Again, he’s being promoted because he’s a bright spot on the current roster, not because the franchise is married to him. BC has shown he’s more than willing to pull the trigger on trades of anyone not named Andrea.

    • Hes polarizing because the front office has labelled him a core player when fans such as myself have vehemently disagreed. He has improved a little this year but many of his stats are inflated because he plays so many minutes which he quite frankly, hasn’t earned. As well, to be honest, I dont see how much more he can improve. He is what he is. Raptors should have drafted jrue holiday in hindsight but many other teams could say the same.

      • He’s only labelled as a core player because the roster is bad, not because they think he’s Toronto’s Dwayne Wade. They’re paying him $9 mil/year, which is in the range of Danilo Gallinari, Stephen Jackson, and Andris Bierdrins. It is not a franchise player contract, or even a perennial all-star contract. It’s a “pretty good guy” contract.

        Don’t you think the franchise would be more than happy to anoint a more talented player as a “core guy” and pay him $5/6 mil more per year than DD? I don’t doubt that for a second – they just don’t have anybody who’s much better than DD, that’s all….

        • You keep mentioning players with bad contracts as a reason why DeRozan’s contract isn’t bad.

          And while I’ve always liked DeRozan and love the fact he’s such a hard worker, he’s really not all that good a player. He’s only a pretty good scorer, but not when the defense is keyed on him, and scoring is his best attribute. He’s still a below average defender and he does really nothing that would suggest he’d either make a good star player or role player on a good team.

          Unfortunately, at this point, he’s looking like one of those guys who only gets the stats he does because he plays on a bad team. On a better team, he simply doesn’t have the skills to have much of a role.

  3. This post feels like the beginning of something… is it?
    How about a more focused comparison with other 2 guards who play +/- 5 mpg? or per/36? I don’t feel like comparing DD to someone who plays 20 mpg is particularly valuable.
    How about a look, using advanced metrics, at how some similar players have aged?
    Basketball-reference seems poorly suited to this – his top comparables are mostly guards who started later than him, and were out the league in 5 years.

    • @lexomatic –
      I’m a huge fan of supporting points by stats/comparisons and numbers – however, there is such a thing is too many stats – too much information – “Comparison stats” only go so far in this debate. So many “differences” that can’t be be put into the necessary stats needed for your request and because of these variables – your request you ask for would not render useful – wouldn’t really prove or support anything because of the neglected factors that can’t be measured or compared for the benefit of your argument – DD has to be measured by players yes, but then it’s many other things that decide the final answer, more stats not covering specifics aren’t needed . The author’s examples were just that examples to make a theoretical point – the rest is up to many other factors. The authors comparisons (IMO) weren’t meant for the end all or only measuring stick in this debate but as one point. I agree I like stats and numbers but for what your asking for isn’t helpful enough to make the decision on whether DD is worthy of his contract!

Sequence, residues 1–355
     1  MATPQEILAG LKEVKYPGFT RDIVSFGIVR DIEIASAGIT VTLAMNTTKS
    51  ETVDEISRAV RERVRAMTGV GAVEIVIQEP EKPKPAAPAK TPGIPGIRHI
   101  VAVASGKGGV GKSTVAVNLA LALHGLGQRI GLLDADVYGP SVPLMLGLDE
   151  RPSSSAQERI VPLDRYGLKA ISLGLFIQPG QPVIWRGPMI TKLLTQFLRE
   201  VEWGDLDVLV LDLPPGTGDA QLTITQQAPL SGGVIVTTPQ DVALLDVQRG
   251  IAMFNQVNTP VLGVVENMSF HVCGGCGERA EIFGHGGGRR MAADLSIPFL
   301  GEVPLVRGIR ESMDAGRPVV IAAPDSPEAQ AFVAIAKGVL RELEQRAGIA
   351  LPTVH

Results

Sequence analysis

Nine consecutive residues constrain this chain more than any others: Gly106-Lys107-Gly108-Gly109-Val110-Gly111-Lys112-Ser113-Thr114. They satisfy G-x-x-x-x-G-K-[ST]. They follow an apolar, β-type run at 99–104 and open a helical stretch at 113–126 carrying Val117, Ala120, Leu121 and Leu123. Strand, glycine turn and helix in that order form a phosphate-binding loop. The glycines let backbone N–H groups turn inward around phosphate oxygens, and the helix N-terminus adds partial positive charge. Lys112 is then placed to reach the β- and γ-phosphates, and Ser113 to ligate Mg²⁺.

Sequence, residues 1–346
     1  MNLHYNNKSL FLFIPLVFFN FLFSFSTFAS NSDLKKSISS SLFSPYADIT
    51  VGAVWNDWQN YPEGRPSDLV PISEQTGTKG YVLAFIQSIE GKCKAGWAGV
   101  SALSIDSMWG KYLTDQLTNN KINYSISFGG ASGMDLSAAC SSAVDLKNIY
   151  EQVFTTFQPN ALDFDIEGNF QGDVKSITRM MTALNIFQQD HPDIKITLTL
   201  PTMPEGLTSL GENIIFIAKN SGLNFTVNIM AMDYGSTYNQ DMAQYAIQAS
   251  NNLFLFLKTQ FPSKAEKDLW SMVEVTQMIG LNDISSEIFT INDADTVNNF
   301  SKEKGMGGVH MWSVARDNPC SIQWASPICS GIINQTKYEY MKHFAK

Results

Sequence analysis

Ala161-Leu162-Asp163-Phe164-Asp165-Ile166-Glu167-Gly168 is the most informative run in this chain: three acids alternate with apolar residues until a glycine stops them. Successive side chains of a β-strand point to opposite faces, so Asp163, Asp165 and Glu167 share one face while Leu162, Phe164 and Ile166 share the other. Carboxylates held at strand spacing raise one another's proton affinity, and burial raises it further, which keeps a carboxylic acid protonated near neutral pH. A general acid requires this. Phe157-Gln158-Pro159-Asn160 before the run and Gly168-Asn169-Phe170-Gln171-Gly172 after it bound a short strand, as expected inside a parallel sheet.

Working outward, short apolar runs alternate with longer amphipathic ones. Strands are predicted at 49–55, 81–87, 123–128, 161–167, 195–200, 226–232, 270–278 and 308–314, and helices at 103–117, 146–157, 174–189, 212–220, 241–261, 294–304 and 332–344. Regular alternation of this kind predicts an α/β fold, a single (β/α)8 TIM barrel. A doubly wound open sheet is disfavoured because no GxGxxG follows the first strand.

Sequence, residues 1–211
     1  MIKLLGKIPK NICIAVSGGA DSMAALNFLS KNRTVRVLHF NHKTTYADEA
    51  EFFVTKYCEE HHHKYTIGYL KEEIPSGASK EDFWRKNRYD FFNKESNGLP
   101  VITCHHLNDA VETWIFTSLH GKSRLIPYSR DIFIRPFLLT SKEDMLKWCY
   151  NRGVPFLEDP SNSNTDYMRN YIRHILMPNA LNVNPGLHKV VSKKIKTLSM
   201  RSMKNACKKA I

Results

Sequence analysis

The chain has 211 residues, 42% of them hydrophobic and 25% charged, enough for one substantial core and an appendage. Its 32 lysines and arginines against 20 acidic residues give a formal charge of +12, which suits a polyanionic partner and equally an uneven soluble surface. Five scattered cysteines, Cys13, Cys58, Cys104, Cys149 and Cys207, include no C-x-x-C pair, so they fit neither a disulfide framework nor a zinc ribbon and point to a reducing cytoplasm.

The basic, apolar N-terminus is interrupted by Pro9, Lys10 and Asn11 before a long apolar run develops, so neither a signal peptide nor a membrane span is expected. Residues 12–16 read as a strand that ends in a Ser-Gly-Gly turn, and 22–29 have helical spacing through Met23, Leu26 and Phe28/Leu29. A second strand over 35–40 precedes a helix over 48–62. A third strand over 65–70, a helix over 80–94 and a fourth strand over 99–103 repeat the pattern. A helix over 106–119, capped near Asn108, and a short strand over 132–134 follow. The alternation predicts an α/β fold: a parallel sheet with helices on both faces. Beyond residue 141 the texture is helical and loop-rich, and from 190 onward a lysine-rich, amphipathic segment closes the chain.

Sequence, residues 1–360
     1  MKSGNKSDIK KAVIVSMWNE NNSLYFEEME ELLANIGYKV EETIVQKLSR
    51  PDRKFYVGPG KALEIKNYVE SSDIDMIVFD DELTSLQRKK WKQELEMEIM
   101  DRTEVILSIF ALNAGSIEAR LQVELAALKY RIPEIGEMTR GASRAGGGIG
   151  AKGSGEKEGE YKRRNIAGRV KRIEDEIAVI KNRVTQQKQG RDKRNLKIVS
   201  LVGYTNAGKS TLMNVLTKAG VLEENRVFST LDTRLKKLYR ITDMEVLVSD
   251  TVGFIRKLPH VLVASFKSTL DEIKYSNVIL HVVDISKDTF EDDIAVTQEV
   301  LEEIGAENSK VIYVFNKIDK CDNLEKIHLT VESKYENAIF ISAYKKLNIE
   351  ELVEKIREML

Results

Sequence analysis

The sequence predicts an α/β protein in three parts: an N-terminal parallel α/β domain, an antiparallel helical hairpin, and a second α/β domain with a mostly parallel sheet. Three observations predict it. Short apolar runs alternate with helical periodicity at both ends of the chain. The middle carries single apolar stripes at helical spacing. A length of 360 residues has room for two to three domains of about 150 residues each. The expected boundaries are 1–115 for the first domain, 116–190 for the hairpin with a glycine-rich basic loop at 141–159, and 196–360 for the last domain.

4. I didn’t like the contract at the time it was given, and I hate it even more now.

    This is the same problem that I have notice a lot of fans have with DeMar. They look at his PPG, APG, RPG, and THINK he has improved. But then at the same time, don’t pay attention at all to anything else like MPG, or advanced stats to show that his improvement has been minimal at best.

    I agree, it’s not his fault that he was given an extension. But, as of now no one should be saying that this was a good deal until he proves otherwise. It’s starting to look like another really bad contract that we’re stuck with for the time being.

    Thanks again, Colangelo.

    • It really hurts knowing the other guy the raptors were considering when they drafted derozan was holiday. He is a MUCH better player who is more productive in all facets. Derozan plays a shit tonne of minutes and produces at an average rate at best.

      • Holiday would probably be riding the bench behind Calderon.

        • @ PBI

          “Holiday would probably be riding the bench behind Calderon”….what!???…..hahahahahahahahahahaha – funny dude….that’s a good one. Now please lets stop fooling around with comedic comments and get back to this good conversation.

  5. Fot those that think the contract is premature:

    You are being narrow minded, think about other teams.

    Some team like Minny or det would offer him 12 mill this offseason.( due to supply and demand)

    The raps are in no position to take that gamble.

    Ohh Toronto….you don t know what you got till its gone.

    • If a team was going to offer him $12M this offseason, than let them.

      The fact that Colangelo handed out the contract after drafting Ross (someone who will probably be better than DeRozan), and before DeMar had a chance to prove he was worth it, just adds to why this was a bad contract.